Auckland diners are becoming very familiar with pillowy steamed white dough prised open and stuffed with flavoursome pork and other fillings – the treat known as gua bao.
This is different from a Chinese steamed bun with the filling enclosed…. With the Taiwanese gua bao the filling is added once the plain dough comes out of the bamboo steamer, sometimes put together at the table by the lucky eater.
It is the flagship dish of popular Auckland eatery Chinoiserie in Mt Albert, which produces an endless evening stream of gua bao (they call them ‘milk buns’) filled with pork, Sichuan chicken, tofu, beef and lamb in their delightful and kitschy ex-suburban Chinese takeaway.
It was Korean-American chef David Chang of Momofuku/Lucky Peach fame who made these buns famous in the US. Momofuku in New York call them ‘pork belly buns’: a slab of pork belly slipped into one of these pillows and topped with hoisin sauce, pickles, cucumber and spring onions. Chang says he basically took the flavours of Peking duck pancakes… and swapped out the pancakes for buns and the duck for pork… it’s a combination that people still queue for 10 years on.
The classic Taiwanese gua bao combination has braised pork, peanut powder (made of crushed peanuts and rock sugar – two of Taiwan’s most important crops), along with coriander and pickled mustard greens.
In northern China wheat products are more prevalent than rice, and generally this is where wheat-based buns or dumplings are from (bao is any kind of bun/dumpling). But it was in the cultural slosh-pot of Taiwan that the gua bao was born.
Cathy Erway explains in her book The Food of Taiwan that the most significant migration to the island was in the late 1940s after the Communists ousted the Kuomintang from China. The Kuomintang set up military villages in Taiwan attempting to run a ‘Republic of China’ from the island; more than one million people came from China in just a couple of years. These villages became melting-pots of cuisine from all over China, as well as drawing on influences from indigenous people, crops and from earlier migrants. In the crammed, hastily-built villages, families not only had to live close but, with limited facilities, needed to share the cooking. It was here that bread from the north met southern Fujian (Hokkien) or Hunan-style braised pork from the south, topped with local herbs and peanuts.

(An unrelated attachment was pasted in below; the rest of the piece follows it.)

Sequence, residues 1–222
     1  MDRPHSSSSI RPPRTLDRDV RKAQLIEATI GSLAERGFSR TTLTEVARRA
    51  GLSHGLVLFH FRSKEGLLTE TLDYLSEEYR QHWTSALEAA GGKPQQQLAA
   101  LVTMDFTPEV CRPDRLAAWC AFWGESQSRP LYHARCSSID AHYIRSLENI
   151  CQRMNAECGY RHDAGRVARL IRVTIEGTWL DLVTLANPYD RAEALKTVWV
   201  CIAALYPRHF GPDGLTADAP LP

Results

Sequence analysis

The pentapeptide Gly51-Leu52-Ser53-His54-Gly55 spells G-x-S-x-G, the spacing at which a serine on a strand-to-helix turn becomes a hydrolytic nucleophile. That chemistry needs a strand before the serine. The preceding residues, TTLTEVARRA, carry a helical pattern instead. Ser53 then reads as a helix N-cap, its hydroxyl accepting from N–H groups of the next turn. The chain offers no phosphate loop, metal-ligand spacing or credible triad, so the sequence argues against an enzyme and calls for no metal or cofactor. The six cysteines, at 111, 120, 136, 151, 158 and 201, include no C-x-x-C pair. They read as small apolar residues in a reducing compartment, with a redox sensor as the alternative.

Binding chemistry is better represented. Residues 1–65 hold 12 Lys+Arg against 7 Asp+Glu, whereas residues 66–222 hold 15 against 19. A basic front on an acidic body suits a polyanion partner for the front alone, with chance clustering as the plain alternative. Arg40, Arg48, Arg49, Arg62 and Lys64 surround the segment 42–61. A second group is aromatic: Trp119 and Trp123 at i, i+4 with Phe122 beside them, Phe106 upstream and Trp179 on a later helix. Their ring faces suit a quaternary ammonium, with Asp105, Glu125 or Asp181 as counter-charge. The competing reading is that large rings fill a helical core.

According to Robyn Eckhardt on the Wall Street Journal blog, at end-of-the-year celebrations in Taiwan employers give their staff gua bao – with its overflowing filling resembling a purse stuffed with money. Gua bao has a nickname: hu yao zhu, or ‘Tiger Bites Pig’.
Where to eat gua bao in Auckland
- Chinoiserie, 4 Owairaka Ave
- A few kilometres down Mt Albert Road from Chinoiserie, the Auckland suburb of Royal Oak is home to another standout Asian-inspired restaurant, the Filipino-influenced Nanam (126 Symonds St, Royal Oak). They have a variant of gua bao (they call it tacopao) with small beetroot pink buns served with braised pork.
- Judge Bao, mobile vendors, also make a super version with free range pork and quality ingredients. They can be found at Ponsonby Street Food Collective